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Author Topic: Adult male cat pinning kitten to ground  (Read 8943 times)
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JustMe
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« on: September 25, 2010, 07:20:41 AM »

Tiger (2-year-old male) will on occasion pin PJ (5-month-old male) to the grown and hold his neck. I'm never able to see if something precipitates this, but usually the kittens are running or playing with toys, then I hear a little wimper.  Sometimes it is Daisy he pins down, but usually PJ.  Anyone know if this is normal behavior? He doesn't bite, but I wonder what he is doing.  Is he making a correction or what?  training? Other times, they play fine together.

There is no growling going on and they don't fight, hiss, or spit at each other. Interestingly, Tiger is the same cat who harrasses Bette Davis (adult feral) the most.  Tiger and his sister Callie are also the youngest after the kittens.  Is it territorial?  Because PJ isn't neutered yet?  Any suggestions?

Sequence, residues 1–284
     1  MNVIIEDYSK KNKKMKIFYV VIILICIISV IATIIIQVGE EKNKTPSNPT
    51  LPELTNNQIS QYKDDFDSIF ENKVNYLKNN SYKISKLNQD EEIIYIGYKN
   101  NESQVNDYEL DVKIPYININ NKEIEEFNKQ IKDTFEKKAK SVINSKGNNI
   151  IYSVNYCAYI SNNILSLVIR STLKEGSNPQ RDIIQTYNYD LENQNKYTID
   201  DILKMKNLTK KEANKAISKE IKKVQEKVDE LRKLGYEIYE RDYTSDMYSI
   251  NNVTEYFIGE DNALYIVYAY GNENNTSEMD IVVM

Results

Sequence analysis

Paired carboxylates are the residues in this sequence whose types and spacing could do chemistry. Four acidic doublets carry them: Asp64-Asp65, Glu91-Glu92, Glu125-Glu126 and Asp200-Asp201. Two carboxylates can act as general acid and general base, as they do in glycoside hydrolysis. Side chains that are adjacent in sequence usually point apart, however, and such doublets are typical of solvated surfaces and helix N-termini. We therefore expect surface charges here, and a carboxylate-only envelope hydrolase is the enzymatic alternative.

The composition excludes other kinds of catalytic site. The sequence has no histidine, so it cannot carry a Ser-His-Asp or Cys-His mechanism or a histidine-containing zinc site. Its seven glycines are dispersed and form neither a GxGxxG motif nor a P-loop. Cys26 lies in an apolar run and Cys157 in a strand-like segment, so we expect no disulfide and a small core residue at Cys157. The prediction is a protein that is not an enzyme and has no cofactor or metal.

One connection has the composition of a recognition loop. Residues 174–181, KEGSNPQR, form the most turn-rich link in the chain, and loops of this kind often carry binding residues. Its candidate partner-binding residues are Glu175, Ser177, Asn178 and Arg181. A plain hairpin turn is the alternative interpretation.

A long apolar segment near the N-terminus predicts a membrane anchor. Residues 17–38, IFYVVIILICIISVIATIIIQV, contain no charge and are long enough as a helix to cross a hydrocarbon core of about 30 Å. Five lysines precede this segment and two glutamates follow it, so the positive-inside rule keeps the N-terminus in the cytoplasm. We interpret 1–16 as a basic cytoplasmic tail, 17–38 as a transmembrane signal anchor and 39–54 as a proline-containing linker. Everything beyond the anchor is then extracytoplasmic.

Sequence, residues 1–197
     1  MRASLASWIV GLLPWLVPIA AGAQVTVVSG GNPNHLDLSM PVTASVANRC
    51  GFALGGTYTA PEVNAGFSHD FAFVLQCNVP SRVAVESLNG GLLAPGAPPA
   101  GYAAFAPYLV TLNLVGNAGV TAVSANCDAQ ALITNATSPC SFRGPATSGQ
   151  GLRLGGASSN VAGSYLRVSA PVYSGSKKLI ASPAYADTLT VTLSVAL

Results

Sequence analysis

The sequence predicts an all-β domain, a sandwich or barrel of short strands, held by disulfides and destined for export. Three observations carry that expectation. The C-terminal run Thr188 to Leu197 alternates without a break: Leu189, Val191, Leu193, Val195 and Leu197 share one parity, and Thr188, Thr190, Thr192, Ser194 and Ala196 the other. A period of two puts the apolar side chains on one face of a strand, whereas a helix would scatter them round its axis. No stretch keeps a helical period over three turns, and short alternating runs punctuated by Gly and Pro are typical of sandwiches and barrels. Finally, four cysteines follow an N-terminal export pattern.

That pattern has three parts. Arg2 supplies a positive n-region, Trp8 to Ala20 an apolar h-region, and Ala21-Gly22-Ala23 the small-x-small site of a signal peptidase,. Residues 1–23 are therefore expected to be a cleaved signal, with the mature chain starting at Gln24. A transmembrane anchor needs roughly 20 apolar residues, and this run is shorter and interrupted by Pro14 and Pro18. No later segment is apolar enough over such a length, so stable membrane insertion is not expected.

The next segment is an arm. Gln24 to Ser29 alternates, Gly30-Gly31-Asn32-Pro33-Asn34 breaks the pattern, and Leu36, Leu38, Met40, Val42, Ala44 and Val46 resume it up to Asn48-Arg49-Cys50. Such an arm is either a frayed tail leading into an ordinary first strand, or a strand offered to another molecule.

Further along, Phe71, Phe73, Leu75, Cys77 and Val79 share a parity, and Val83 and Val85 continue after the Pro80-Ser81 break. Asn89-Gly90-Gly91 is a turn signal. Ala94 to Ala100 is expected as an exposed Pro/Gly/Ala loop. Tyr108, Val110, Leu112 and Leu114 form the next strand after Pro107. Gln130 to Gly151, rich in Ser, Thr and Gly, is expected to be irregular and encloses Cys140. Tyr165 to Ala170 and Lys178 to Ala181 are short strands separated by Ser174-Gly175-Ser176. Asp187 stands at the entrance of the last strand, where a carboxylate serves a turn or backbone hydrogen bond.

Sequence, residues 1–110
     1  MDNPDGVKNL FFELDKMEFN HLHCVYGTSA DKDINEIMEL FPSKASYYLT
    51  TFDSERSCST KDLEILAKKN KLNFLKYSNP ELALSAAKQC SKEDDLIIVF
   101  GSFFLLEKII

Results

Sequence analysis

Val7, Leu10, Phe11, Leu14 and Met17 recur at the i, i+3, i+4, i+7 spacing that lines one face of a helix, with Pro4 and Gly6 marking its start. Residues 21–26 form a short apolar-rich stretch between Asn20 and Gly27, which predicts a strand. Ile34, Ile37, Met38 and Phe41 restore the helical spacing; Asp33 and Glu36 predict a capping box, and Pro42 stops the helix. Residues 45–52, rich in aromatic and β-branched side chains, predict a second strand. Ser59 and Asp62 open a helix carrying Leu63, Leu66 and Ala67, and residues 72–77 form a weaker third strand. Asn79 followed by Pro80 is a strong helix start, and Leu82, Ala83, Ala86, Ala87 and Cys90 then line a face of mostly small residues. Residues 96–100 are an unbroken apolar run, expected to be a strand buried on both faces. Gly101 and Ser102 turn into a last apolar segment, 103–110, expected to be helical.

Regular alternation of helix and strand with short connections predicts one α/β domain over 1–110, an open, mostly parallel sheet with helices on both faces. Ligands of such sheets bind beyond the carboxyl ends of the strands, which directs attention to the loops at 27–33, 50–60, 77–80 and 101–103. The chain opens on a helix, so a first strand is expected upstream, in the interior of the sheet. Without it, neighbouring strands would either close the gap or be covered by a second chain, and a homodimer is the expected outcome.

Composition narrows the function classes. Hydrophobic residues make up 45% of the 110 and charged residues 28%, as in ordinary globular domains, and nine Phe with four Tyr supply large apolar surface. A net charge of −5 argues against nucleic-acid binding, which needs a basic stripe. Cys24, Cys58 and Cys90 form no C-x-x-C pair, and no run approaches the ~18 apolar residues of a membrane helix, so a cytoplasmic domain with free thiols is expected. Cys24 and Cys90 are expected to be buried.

Kittens are not left alone with adults.  At night, they still go in their kitten pen for safekeeping at least until they recover from their upcoming s/n surgeries.

I'm going to ask vet about this at appointment next week.
« Last Edit: September 25, 2010, 07:30:23 AM by JustMe » Logged

Eventually they will understand,
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merrihart
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« Reply #1 on: September 25, 2010, 08:05:41 AM »

I've seen Bucky correct 'Bisi and it's usually a swat, but once in a while it gets more physical.  I've never seen him pin her down, though.  Bucky (15 years last month) is at least 3 times as large as 'Bisi.  I want to say 5 times, but that'd be ashera sized kitties, not bucky sized kitties.   Tongue

Sounds like Tiger is living up to his name.  the quiet stalk, the sudden pounce!  Perhaps he's trying to teach them? or exerting his own alphaness.
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catbird
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« Reply #2 on: September 25, 2010, 08:23:06 AM »

What you described sounds like dominance behavior to me, JustMe.   I think Tiger is trying to assert that he is higher in the "pecking order" than PJ and Daisy.  He may also be disciplining them for chasing their toys too close to him, or something like that.
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Mark T